18 Jan 2018 --- Nutrition start-up Ketologie has launched a Kickstarter campaign allowing consumers to pre-order the company's two most popular products (Chocolate and Vanilla) in new, single-serve sachets with collagen as their primary protein source. The company says it is “on a mission to make the ketogenic way of eating easier and more affordable for busy people on-the-go.” NutritionInsight spoke with Dr. Tracey King, CEO and co-founder of Ketologie, about the increasingly popular keto diet, the newly launched keto-friendly single-serve sachets, as well as the company’s future projects.

Intermittent fasting: The diet to watch in 2018?

17 Jan 2018 --- With rates of obesity continuing to skyrocket, the weight loss market is seeing persistent growth, experiencing an explosion in sales especially around the New Year. In this space, intermittent fasting (IF) is becoming increasingly popular, with organizations such as Australia's Commonwealth Scientific and Industrial Research Organisation (CSIRO) touting its benefits. IF is an umbrella term encompassing a range of diets where the pattern of calorie restriction and timing of food intake are altered so that individuals undergo frequently repeated periods of fasting or modified fasting (allowing a low calorie intake of approximately 500-600 calories per day). What is the science behind this range of diets, and what sort of opportunities do they offer the food industry?

Cognitive health: High-salt diet linked to dementia, finds mouse study

17 Jan 2018 --- Excessive consumption of salt is known to affect heart health and blood pressures, but research by scientists at Weill Cornell Medicine has now underlined its negative effect of sodium on cognitive health. According to their study, a high-salt diet reduces resting blood flow to the brain and causes dementia in mice. The study, published on Monday in Nature Neuroscience, is the first to unveil a gut-brain connection linking high dietary salt intake to neurovascular and cognitive impairment. The findings illuminate a potential future target for countering harmful effects to the brain caused by excess salt consumption.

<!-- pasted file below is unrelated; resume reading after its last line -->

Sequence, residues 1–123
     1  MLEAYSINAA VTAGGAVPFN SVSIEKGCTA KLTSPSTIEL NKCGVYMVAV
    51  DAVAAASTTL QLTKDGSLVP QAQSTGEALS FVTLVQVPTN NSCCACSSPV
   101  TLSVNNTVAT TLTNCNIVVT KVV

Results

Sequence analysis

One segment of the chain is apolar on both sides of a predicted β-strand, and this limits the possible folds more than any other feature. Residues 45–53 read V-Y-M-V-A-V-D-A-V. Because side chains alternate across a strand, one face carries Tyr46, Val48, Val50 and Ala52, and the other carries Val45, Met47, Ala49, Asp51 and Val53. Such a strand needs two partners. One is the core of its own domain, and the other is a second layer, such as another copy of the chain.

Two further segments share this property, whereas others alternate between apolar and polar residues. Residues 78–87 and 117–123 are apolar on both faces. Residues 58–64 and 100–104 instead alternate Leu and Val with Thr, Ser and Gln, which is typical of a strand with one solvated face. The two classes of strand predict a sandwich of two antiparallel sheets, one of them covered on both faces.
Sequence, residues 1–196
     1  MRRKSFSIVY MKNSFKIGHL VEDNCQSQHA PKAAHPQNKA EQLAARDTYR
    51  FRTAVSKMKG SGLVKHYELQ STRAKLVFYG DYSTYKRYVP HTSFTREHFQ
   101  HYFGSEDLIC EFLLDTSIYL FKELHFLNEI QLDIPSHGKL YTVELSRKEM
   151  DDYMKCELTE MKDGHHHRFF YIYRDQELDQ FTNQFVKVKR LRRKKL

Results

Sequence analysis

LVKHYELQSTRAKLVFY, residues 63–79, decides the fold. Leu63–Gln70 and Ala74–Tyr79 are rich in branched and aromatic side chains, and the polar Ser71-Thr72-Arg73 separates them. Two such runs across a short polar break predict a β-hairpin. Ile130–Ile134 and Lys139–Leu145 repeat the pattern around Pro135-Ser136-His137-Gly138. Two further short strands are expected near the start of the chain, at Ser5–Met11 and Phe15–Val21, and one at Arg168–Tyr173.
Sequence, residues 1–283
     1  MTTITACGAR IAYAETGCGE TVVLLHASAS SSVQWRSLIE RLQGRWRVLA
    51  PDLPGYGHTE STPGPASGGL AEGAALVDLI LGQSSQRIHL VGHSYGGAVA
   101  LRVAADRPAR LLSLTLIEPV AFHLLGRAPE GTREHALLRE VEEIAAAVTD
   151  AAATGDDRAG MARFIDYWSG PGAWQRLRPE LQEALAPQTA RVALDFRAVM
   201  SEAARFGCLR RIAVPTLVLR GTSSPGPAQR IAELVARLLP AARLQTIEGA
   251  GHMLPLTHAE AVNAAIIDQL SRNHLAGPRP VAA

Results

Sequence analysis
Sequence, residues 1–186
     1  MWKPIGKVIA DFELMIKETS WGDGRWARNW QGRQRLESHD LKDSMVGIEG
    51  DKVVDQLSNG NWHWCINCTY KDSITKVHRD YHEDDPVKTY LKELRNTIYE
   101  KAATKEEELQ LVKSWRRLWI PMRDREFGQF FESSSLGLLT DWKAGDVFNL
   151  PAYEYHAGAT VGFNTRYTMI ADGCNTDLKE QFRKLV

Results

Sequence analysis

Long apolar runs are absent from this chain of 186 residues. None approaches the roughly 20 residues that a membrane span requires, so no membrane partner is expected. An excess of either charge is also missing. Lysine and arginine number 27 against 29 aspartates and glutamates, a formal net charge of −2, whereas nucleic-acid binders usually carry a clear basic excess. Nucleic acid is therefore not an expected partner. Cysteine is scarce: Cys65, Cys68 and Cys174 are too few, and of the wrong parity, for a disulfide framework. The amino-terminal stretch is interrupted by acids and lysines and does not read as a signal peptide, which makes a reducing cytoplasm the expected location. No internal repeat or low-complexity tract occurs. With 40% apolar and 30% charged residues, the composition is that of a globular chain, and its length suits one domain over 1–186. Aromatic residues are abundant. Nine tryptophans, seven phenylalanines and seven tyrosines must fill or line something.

Dutch doctors call for energy drinks ban for under 18s, Negative health effects reported in Canadian youth

16 Jan 2018 --- Calls for a ban on the sale of energy drinks to under 18s have intensified in the Netherlands. Pediatricians are once again arguing for a ban on the sale of energy drinks to young people under the age of eighteen. The Dutch Society for Pediatrics says it is treating more and more young patients who report with symptoms such as restlessness, fatigue and cardiac arrhythmia. A ban is highly unlikely, however, with the Dutch Ministry of Health responding dismissively to the calls.

Scarring molecule in fat tissue links obesity with distressed and inflamed fat

16 Jan 2018 --- The fat of obese people can become distressed, scarred and inflamed, making weight loss more difficult, according to research at the University of Exeter. An analysis of the health of adipose (fat) tissue in overweight people found that their fat can cease to cope as it increases in size and becomes suffocated by its own expansion.

Bile acids increase fat burning, offering a potential new treatment for obesity

16 Jan 2018 --- A specific group of bile acids could directly burn away the lipids in our fat depots, effectively making it a new therapy against obesity. This is according to a new study led by the lab Kristina Schoonjans at EPFL. Current treatments for obesity try to decrease calorie intake and increase energy expenditure, but the problem is maintaining long-term effects. Non-invasive treatments, like diets and drugs that reduce intestinal ingestion, are widely unpopular among patients, while bariatric surgery seems to be the only reliable treatment for obese people, despite being both expensive and invasive.